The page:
Reflecting on the time when he worked on the Apocalyptic Landscapes, the artist said: "I trembled...in front of canvases that seethed with all the fuming anguish of earth, in every patch of color, in every scrap of cloud, and in every cascading stream... My brain bled dreadful visions. I could see nothing but a thousand skeletons jigging in a row. Many graves and burned cities writhed across the plains" (quoted in The Apocalyptic Landscapes of Ludwig Meidner, op. cit., p. 65).
In the present work, the city under the night sky is illuminated by two volcanic explosions of red and orange flames, like the tails of meteors or comets illuminating the tumultuous cityscape. The night sky is torn by this violent eruption, while buildings collapse under the tremors of an apocalyptic earthquake. In the foreground, the artist depicts two men dwarfed by the destruction around them, running in horror from the chaotic scene into the viewer's space. The red-headed man runs towards us with arms outstretched, screaming in fear and disbelief.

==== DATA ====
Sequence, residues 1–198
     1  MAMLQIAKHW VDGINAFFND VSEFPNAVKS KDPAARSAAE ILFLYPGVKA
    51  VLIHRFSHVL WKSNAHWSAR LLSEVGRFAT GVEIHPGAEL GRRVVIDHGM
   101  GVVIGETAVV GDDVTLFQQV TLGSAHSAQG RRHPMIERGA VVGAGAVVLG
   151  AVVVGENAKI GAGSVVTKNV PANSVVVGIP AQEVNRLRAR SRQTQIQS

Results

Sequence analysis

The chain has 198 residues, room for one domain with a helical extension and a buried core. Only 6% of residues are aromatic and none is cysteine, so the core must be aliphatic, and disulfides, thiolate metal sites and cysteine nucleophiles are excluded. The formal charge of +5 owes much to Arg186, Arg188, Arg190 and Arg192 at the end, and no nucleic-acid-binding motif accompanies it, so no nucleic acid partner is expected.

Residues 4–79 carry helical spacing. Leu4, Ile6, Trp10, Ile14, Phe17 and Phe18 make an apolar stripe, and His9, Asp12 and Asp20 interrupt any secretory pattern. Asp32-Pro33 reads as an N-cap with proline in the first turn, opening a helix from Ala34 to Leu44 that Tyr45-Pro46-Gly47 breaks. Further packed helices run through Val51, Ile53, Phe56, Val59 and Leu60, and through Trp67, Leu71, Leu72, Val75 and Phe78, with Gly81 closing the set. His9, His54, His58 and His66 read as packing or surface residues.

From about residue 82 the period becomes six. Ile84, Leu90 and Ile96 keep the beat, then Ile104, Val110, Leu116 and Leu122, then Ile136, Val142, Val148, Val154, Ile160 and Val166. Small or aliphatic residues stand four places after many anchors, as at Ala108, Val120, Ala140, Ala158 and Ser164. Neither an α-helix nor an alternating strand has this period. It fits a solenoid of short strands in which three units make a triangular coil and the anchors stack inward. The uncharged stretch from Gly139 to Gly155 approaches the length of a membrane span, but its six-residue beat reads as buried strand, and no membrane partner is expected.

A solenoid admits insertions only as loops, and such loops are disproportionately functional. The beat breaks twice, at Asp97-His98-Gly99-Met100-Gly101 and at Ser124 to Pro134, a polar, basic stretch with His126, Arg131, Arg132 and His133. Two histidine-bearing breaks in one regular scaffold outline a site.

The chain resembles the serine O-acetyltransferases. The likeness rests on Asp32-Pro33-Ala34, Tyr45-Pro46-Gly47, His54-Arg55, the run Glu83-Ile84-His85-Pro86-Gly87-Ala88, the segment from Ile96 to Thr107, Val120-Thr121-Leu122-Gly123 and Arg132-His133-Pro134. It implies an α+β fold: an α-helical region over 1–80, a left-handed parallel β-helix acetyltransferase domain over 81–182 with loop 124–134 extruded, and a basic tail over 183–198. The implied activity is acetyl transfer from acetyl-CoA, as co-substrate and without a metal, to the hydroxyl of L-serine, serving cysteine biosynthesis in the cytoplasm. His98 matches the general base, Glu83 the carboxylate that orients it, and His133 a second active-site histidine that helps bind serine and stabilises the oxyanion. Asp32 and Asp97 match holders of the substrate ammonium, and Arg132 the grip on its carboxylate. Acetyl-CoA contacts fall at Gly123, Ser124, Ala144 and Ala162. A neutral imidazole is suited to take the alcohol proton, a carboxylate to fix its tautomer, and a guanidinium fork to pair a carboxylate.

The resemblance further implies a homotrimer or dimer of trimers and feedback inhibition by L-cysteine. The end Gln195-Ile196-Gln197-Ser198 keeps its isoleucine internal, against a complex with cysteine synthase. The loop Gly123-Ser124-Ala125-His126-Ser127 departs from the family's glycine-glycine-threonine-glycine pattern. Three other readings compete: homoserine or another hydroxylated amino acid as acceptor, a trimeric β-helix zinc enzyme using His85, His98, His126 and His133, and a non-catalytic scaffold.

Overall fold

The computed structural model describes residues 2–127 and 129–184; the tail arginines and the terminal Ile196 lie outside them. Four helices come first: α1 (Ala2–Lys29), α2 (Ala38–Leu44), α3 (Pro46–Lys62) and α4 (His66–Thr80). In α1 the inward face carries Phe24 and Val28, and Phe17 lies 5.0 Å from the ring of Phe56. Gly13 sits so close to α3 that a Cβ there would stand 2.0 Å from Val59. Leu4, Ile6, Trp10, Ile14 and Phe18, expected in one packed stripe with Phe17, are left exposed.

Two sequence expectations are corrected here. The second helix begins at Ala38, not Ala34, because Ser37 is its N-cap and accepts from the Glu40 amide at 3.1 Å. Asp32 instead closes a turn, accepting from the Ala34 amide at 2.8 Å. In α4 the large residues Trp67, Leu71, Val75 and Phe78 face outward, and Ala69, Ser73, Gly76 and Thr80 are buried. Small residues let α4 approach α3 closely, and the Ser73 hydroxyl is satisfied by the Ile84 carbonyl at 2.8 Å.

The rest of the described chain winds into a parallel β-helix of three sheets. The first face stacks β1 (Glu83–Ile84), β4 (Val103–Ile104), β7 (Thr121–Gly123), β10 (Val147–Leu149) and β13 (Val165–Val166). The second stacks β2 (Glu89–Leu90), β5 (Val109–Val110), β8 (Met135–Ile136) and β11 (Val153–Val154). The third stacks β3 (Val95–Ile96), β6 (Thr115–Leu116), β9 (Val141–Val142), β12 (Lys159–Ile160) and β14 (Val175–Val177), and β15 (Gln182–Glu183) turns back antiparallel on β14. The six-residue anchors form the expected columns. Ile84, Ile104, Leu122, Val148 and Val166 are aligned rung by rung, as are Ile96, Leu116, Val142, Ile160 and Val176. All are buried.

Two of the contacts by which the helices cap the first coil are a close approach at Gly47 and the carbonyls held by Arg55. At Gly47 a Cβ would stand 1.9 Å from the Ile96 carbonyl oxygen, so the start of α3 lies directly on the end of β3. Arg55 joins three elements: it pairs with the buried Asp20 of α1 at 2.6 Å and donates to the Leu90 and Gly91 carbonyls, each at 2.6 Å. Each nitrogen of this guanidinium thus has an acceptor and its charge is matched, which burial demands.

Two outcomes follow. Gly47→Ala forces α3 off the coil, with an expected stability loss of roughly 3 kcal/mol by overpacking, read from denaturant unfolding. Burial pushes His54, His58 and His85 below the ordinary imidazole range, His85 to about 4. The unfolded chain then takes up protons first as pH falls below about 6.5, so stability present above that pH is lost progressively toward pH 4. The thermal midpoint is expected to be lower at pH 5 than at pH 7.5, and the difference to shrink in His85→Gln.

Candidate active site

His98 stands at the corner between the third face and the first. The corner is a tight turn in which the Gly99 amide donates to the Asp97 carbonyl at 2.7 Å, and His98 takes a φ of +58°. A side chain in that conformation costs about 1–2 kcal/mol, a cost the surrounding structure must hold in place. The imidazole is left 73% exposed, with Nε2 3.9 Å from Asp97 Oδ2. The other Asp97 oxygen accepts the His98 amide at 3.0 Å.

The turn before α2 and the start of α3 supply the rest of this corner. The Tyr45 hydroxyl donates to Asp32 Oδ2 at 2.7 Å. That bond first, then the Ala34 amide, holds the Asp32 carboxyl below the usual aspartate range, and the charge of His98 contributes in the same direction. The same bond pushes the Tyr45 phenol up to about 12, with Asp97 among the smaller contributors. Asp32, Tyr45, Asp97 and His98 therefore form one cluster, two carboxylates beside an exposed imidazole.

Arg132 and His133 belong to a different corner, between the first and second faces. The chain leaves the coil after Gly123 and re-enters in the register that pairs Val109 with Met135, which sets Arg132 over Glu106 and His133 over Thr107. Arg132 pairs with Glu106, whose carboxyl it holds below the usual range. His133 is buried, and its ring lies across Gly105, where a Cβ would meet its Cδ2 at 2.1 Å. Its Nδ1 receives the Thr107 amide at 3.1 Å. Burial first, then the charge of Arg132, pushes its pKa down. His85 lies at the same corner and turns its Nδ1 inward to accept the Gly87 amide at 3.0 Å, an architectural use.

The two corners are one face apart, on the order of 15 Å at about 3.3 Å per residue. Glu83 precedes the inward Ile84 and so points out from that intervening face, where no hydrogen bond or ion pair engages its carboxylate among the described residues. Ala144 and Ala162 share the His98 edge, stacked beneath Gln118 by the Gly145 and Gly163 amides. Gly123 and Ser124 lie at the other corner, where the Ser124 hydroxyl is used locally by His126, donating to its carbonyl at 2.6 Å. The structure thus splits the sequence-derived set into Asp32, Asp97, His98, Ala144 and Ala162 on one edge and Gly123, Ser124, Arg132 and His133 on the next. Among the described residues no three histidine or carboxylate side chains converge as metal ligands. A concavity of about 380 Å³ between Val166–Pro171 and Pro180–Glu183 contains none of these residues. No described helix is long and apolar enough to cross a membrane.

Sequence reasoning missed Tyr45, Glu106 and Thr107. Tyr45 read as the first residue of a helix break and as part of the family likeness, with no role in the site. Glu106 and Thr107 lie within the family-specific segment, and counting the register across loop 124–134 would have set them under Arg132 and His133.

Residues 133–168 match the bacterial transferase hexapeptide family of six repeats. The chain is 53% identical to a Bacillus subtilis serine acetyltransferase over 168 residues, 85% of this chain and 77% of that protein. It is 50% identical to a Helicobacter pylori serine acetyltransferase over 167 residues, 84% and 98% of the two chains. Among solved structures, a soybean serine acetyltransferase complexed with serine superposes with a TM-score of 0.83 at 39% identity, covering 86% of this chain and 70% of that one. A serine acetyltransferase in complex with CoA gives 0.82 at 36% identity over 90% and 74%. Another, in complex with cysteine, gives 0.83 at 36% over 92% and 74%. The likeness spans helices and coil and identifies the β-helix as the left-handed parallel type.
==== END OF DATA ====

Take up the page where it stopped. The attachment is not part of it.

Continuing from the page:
During the war years Meidner continued to paint his apocalyptic visions, using an ever darkening palette, the bright yellows and blues replaced by somber browns, grays and blacks. His apocalypse takes on increasingly Biblical imagery, depicting crowds of people awaiting doomsday in horror. However, it is works such as this Apokalyptische Landschaft of 1912 which remain the masterpieces within this series, bearing testimony not only to Meidner's artistic mastery, but also to his visionary powers in the years preceding one of the most destructive and dramatic periods in human history. His revolutionary aesthetic continued to influence subsequent generations many years after their creation. In the aftermath of the First World War several proponents of Neue Sachlichkeit responded to Meidner’s heightened sense of expression and the devastating effects of the modern world on the body, and after the Second World War a whole generation of German artists, including Georg Baselitz, rediscovered his work and his visionary aesthetic.
In diametric opposition to Apokalyptische Landschaft's dramatic composition, the reverse of the present work is a delightful and assured portrait Junger Mann mit Strohhut, which shows an unidentified young man reading in a smart blue blazer and jaunty straw hat. This portrait captures all of the joie de vivre of the pre-war Edwardian era and forms a striking counterpoint to the horrors displayed on the other side of the canvas.